SEATTLE — They say the opening weekend of the college basketball season is only entertaining to those who enjoy watching cupcakes devoured by big, bad wolves, and yet the University of Washington men’s basketball team quietly took a huge step toward NCAA tournament contention in recent days.
Start with the 13-0 record by Pacific-12 Conference schools — not necessarily a huge shock because of a conquered list that included the likes of Cal State Bakersfield, Central Arkansas and Willamette, but because teams like Cal State Bakersfield, Central Arkansas and Willamette are just the type of programs to bury the Pac-12 in seasons past.
It might be too soon to pronounce the Pac-12 back in its heyday as a legitimate national power conference, and yet it’s encouraging to know that the conference is still breathing. The Huskies can find hope in knowing that the days of one or two Pac-12 bids to the NCAA tournament might be a thing of the past.
Then there’s UW’s convincing win over Loyola (Md.) on Sunday night, which was, at face value, no reason to add a Bracketology app to the iPhone, but encouraging because of the way senior point guard Abdul Gaddy took control of the game.
Gaddy took the role of aggressor late in the first half, scoring 13 of his 17 points during a 121/2-minute stretch that extended past halftime, helping turn a two-point halftime lead into a double-digit advantage. After hitting double figures in just 12 of 35 games last season, he matched his career high of 17 points in UW’s 85-63 win Sunday.
“I want to be aggressive all year,” he said afterward. “But the main thing is, I want to stick to my strength as a playmaker, make plays for everyone else. I’m looking to pass first, score second, but I’m looking to be aggressive and get to the free-throw line.”
The oft-maligned Gaddy displayed a senior confidence and appeared to take on a more significant role in terms of scoring now that go-to weapons Terrence Ross and Tony Wroten are gone. The consensus No. 2 point guard in the nation while playing at Bellarmine Prep in Tacoma, Gaddy has never averaged more than 8.5 points per game at UW, where he has started 78 of 85 games played.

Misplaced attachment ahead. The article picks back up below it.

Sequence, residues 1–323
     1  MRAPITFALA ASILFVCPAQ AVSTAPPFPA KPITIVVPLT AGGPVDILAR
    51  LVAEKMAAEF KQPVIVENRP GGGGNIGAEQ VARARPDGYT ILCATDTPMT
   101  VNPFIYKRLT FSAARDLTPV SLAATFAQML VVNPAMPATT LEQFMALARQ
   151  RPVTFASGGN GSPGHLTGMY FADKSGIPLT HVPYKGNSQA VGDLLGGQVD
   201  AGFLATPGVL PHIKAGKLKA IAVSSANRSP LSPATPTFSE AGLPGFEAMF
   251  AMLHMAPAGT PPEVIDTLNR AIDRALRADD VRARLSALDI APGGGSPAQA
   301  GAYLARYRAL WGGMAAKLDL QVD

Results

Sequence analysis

He seems to be flourishing under the new high-post offense, which allows him to give up the ball to a big man near the free-throw line and move into position to score. Perhaps Gaddy’s best move of the night came on a missed shot at the end of the half, when the Huskies cleared out for him, and Gaddy went by two defenders — one with an around-the-back dribble — to the basket.
He looked like a go-to scorer on that move, and during several other moments in Sunday’s win.
And yet Gaddy’s coach and teammates didn’t seem overly surprised with his offensive outburst Sunday night.
“That’s how he’s been playing,” coach Lorenzo Romar said Sunday night. “That game was nothing out of the ordinary tonight.”
Added senior Scott Suggs: “It’s not really different to me. I’ve been playing with him in the summer, so I’ve seen him being aggressive. Now he’s that senior leader point guard, so he’s playing like he’s always played.”
Sure, it was only Loyola. But much like Pac-12 teams have been known to bow to the competition this time of year, Gaddy has also been known to fade into the background at times against lesser teams.
The Huskies are hoping that Gaddy can be a bigger factor on offense this season. And maybe UW and the rest of the Pac-12 can continue to prove that the conference is ready to get back to getting four, five and six tourney bids come March.
“I’m confident that we can be an NCAA tournament team,” Gaddy said. “We just have to make sure to give 100 percent every day, starting in practices and going into games.”